When I look at the competitive pressures and business challenges NTT DoCoMo (NYSE:DCM) faces, I can't help but think this is what Sprint Nextel (NYSE:S), Verizon (NYSE:VZ), AT&T (NYSE:T), and Alltel (NYSE:AT) have to look forward to. What the U.S. providers have going in their favor is that cellular phone penetration rates are slightly lower in the U.S. than in Japan and the population in the U.S. continues to grow, while Japan's is flat. But overall, there are a few large players in each market, and the largest growth opportunities come from selling additional services to existing customers.

Wednesday, DoCoMo reported its third-quarter financial results, and it's safe to say the company continues to tread water while it rolls out a number of services it hopes will increase sales in profits in the future. Through the first nine months of the year, the company's revenues increased 0.4% to 3,597 billion yen ($29.7 billion), while net income decreased 21.8% to 403.7 billion yen ($3.3 billion). Most of the decline in net income is actually due to asset sales in the prior year that are one-time items. Looking at the company from an operating income or EBITDA perspective shows the results were flat, or like revenues down less than 1% compared to last year. Meanwhile, the company continues to have a strong balance sheet and fund the expansion of its high-speed network throughout Japan.

The biggest negative in the report is the increase in the company's churn rate to 0.93% in the most recent quarter, after hovering around 0.60% for the first half the year. From DoCoMo's perspective, the dirty thief is number portability, which was rolled out in late 2006 and allows customers to switch carriers and keep their existing phone number. Despite the increase in the churn rate, DoCoMo now has 52.2 million subscribers, compared to 50.3 million at this time last year. That's a growth rate below its competitor au (owned by KDDI), but ahead of Softbank, which purchased its mobile phone business from Vodafone (NYSE:VOD) in the past year. For now, this is acceptable, but Vodafone is embarking on a price war, which could cause problems for everyone in the industry.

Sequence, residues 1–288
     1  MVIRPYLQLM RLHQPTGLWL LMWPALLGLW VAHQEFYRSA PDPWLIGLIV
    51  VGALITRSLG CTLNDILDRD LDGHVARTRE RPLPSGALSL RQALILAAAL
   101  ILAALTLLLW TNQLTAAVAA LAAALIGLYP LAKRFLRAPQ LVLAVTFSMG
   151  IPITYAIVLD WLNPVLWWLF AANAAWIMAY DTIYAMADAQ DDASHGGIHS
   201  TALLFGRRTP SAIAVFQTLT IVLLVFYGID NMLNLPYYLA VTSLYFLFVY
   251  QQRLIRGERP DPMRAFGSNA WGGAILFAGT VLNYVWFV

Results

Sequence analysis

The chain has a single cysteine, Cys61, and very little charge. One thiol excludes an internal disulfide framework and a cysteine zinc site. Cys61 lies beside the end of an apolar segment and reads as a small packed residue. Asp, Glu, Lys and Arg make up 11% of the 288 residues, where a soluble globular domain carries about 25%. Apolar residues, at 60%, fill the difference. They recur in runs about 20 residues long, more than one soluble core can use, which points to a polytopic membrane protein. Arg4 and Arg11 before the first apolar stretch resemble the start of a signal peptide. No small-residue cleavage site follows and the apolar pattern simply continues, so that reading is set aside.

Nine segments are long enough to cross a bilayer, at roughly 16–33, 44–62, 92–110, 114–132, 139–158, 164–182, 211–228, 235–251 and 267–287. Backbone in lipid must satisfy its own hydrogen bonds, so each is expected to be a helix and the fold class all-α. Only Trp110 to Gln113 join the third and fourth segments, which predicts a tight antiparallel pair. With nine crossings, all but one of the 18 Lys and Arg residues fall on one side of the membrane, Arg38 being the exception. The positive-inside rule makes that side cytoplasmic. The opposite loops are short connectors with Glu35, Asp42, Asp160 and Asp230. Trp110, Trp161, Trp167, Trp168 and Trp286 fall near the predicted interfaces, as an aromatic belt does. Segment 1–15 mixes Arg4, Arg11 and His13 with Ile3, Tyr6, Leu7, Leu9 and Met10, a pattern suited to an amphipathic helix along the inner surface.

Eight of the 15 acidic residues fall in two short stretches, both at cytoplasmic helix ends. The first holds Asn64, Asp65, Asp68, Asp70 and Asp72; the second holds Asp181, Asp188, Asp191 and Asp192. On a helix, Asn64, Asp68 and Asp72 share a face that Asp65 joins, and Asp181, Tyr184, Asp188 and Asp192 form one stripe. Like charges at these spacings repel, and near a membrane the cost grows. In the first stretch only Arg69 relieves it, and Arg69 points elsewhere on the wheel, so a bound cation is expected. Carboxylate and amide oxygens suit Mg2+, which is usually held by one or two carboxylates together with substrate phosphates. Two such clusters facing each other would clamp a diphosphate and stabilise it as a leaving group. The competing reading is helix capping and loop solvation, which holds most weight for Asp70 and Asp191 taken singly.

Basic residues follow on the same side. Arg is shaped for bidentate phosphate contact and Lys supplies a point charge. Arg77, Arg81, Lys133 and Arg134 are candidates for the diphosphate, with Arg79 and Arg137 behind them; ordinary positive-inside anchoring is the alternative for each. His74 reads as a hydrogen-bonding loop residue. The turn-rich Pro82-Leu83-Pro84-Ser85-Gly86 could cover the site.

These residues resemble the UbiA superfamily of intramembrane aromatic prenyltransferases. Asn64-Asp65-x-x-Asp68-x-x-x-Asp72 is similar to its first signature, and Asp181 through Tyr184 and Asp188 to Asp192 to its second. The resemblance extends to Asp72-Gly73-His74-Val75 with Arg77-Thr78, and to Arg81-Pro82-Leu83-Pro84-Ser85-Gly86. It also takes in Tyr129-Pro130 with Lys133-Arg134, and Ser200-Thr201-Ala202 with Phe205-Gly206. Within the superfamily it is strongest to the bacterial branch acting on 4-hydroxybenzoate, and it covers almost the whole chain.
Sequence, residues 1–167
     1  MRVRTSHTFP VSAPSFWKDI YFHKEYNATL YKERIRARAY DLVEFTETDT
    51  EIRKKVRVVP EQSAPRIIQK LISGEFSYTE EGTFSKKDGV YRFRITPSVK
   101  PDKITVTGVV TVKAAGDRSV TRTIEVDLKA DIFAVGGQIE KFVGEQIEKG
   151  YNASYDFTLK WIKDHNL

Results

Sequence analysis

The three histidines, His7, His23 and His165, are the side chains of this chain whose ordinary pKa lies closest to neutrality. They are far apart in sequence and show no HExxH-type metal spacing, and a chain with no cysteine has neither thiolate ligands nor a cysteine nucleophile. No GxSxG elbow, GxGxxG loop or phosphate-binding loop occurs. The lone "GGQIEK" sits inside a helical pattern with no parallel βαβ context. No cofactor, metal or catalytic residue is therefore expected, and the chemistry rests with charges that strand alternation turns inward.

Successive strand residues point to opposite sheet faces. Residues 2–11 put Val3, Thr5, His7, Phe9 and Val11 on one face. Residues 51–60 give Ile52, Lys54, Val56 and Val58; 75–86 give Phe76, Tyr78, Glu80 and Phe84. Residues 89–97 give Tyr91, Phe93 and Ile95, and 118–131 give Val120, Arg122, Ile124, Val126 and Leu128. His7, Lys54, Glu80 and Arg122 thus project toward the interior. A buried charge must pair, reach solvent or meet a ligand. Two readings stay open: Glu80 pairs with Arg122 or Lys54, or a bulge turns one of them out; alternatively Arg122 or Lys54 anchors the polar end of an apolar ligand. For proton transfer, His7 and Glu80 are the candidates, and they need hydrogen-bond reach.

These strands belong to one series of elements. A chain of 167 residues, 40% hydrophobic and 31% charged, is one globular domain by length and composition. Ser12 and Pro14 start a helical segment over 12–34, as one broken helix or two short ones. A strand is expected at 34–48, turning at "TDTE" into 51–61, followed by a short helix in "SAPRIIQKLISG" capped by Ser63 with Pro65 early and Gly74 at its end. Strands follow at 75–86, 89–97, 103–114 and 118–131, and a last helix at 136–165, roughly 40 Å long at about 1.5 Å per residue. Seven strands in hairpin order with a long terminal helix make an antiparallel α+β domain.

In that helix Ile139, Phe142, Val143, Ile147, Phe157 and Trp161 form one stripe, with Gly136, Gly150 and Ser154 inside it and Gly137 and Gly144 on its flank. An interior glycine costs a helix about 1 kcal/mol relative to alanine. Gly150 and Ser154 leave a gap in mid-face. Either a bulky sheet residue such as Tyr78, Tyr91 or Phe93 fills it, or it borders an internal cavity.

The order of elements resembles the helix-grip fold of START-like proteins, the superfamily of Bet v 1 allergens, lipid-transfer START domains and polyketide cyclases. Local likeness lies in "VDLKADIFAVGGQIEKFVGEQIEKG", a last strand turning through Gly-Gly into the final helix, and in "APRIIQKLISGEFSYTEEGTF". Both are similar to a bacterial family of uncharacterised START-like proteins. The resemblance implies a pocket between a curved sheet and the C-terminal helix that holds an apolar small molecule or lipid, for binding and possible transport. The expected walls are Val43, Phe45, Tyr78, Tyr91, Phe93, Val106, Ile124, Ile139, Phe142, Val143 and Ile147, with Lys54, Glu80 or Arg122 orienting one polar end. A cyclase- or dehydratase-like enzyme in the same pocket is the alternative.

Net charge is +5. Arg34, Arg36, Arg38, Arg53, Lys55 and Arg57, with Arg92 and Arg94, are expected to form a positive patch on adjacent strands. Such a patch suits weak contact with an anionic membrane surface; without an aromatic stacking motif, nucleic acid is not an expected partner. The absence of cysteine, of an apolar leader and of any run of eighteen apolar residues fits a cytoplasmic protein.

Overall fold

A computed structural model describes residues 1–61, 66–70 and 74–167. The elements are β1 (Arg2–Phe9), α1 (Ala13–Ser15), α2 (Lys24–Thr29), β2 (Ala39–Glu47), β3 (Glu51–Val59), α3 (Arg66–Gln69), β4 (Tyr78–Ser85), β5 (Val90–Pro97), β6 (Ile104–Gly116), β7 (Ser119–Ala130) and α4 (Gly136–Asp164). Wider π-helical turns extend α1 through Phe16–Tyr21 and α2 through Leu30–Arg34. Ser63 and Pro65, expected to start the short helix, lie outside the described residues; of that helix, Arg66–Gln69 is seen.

DoCoMo's ability not just to survive but to thrive in this environment is dependent on its ability to roll out new features that customers are willing to pay a slight premium for. One of these features is the company's osaifu-keitai (portable wallet) functionality, which allows a mobile phone to function as a cash card (stored money), credit card, train pass, plane ticket, or other item. Starting from next to nothing a year ago, 20 million subscribers now have phones with this functionality, and 1.5 million have applied for and activated the credit card functionality. The company also has 100,000 readers in place in Japan that allow customers to use the portable wallet functionality of their phones, and it expects to have 150,000 in place by the end of March. It's important for the company to continue building out the network effects here because the financial success for DoCoMo is not in the phone sales, but in the transactions.

DoCoMo doesn't have an easy road in front of it, and the company's shares reflect a scenario where the business never grows free cash flow again or grows it only by about 1% a year. While this could be the case, I happen to believe the transactional model the company is attempting to build should allow for slightly higher growth. Within the next few years, we'll know one way or another.

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Alltel and Vodafone are Motley Fool Income Investor recommendations. AT&T is a former Stock Advisor recommendation.

At the time of publication NathanParmelee owned shares in NTT DoCoMo but had no financial interest in any of the companies mentioned. He was ranked 40th out of 21,218 CAPS investors. The Motley Fool has an ironclad disclosure policy.